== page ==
Wednesday, 19 May 2021

Fairy Rings

https://drive.google.com/uc?export=view&id=1qsXsBQFzLv9xDp9iUiQEW3VSSeIKUCgp

Fairy rings, are also known as elf circles, fairy circles, pixie rings or elf rings. They are detected by a ring of dark grass like the one in the picture; with mushrooms appearing in late summer to autumn. They grow up to 10m (33ft) in diameter, growing bigger as they get older, and some have grown as big as 365m (1200ft). They are best seen late summer to early autumn.

They are often found in forests, and there are two types of ring. Those found in forests are called ‘tethered’. They live symbiotically with trees, and those found in meadows or other places are called ‘free’ because they’re not connected with other organisms.

For thousands of years people of many cultures have regarded fairy rings with curiosity, awe, and fear; as a result they are the subject of folklore worldwide.

They have been the dwellings of witches, fairies, and elves. Many believe fairy rings are too dangerous to enter. I certainly won’t enter one! In English and Celtic folklore, fairy rings were caused by fairies or elves dancing in a circle.

Norman belief held that the beautiful appearance of fairies would be alluring to people, and if humans joined in the dance they would be punished by the fairies, and made to dance in the ring, unable to stop, until they passed out from exhaustion (or went mad). It is said that if you step inside a fairy ring you will become invisible, trapped there forever. People in Somerset called them “galley-traps” as late as the 20th century. They believed that when a man who had committed a crime passed through a fairy ring, he was doomed to hang within the year. Other folk tales warn of disease, bad luck, or an early death.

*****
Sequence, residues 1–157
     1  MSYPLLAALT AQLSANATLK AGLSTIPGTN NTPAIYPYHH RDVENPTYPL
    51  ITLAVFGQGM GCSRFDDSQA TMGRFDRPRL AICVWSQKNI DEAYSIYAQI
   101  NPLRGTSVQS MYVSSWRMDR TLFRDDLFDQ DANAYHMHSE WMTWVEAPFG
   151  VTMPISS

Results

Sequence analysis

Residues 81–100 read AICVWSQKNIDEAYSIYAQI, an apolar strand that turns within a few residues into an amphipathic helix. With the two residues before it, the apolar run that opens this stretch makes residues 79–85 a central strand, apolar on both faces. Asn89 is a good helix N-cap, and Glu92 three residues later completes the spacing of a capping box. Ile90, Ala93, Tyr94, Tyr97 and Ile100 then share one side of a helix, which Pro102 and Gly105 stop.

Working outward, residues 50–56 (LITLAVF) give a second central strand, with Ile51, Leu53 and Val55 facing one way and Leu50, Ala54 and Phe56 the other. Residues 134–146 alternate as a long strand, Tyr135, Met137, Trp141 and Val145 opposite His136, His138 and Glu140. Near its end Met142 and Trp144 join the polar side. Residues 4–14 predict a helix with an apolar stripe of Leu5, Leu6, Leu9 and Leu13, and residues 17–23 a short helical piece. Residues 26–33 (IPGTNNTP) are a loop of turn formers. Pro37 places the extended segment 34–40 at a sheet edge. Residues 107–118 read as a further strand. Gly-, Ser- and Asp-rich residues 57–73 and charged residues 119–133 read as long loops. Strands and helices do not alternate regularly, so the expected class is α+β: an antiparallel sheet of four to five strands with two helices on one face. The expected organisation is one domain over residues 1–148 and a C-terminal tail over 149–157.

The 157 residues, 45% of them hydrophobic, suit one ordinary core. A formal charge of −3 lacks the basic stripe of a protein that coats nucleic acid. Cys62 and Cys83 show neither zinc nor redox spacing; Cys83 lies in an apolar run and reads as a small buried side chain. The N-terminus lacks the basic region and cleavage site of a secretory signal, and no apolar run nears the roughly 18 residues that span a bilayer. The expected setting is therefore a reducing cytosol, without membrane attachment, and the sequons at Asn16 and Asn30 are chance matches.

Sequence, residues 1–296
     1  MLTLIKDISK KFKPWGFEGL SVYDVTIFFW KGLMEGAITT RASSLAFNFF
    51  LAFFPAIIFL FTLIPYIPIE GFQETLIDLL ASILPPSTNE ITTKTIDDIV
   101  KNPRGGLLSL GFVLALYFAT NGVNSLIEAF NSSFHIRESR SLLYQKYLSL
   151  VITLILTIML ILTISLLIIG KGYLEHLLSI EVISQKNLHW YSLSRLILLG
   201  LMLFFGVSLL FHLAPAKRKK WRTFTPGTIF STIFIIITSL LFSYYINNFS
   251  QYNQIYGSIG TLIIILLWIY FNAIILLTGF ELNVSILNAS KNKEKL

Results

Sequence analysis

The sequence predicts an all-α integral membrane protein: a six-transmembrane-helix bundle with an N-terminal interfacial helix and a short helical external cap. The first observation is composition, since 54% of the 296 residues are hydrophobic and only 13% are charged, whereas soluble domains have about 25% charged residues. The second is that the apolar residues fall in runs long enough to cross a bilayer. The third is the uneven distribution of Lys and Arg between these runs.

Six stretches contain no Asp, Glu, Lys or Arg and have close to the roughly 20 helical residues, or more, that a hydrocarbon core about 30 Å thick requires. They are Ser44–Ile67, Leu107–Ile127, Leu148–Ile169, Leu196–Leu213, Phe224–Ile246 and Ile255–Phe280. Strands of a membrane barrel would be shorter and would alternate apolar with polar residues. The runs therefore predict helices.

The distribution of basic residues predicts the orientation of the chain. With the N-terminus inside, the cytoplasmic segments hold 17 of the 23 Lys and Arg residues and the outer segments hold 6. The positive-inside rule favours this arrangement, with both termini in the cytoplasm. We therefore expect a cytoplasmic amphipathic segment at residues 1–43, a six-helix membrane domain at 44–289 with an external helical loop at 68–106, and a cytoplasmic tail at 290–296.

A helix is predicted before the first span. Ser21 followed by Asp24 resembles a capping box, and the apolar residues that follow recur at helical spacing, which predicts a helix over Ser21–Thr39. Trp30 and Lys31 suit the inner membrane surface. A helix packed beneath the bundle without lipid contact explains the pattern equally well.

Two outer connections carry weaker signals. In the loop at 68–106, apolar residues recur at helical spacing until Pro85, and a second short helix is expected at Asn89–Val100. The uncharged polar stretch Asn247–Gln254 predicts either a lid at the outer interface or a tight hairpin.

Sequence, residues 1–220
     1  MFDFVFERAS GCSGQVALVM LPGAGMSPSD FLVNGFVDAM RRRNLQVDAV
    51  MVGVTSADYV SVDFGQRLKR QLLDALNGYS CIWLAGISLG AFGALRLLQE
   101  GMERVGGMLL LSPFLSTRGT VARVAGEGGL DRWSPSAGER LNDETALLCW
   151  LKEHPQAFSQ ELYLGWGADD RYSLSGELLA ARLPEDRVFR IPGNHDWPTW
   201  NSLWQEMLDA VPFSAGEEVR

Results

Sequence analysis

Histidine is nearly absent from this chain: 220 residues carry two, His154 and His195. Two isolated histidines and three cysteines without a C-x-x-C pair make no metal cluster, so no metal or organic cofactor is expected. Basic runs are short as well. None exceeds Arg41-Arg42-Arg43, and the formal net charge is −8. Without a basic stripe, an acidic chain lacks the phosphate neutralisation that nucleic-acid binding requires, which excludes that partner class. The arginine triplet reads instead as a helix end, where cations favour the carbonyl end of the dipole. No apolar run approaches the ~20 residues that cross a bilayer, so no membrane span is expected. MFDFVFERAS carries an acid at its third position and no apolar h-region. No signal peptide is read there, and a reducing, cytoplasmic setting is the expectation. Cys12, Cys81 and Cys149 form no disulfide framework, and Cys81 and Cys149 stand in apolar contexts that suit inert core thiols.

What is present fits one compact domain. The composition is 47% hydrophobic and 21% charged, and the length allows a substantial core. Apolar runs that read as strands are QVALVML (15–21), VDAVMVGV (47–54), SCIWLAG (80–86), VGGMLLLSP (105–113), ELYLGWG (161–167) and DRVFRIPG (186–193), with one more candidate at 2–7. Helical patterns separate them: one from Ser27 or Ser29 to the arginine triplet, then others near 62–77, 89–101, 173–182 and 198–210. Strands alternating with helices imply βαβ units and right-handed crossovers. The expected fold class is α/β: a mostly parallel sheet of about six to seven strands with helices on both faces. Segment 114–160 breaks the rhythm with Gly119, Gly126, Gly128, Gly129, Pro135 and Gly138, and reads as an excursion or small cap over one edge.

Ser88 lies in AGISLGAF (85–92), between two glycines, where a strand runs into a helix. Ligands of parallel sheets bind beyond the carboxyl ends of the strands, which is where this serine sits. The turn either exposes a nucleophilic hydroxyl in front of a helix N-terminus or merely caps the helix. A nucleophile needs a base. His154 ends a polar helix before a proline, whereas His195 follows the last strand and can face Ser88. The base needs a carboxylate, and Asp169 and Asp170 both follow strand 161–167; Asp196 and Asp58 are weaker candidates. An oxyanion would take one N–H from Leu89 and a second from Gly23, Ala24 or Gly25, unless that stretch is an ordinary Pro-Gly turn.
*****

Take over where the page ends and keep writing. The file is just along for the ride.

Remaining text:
Austrian folklore implies that the rings have been burned in to the ground by the fiery tails of dragons. Dutch tradition states that the devil is to blame for creating a fairy ring; it’s somewhere to keep his milk churn. In German folklore fairy rings were once known as witches’ rings, and it was believed that they would dance there on Walpurgis Night.

Some cultures believe they are portals, sign of a fairy village underground, and good luck.

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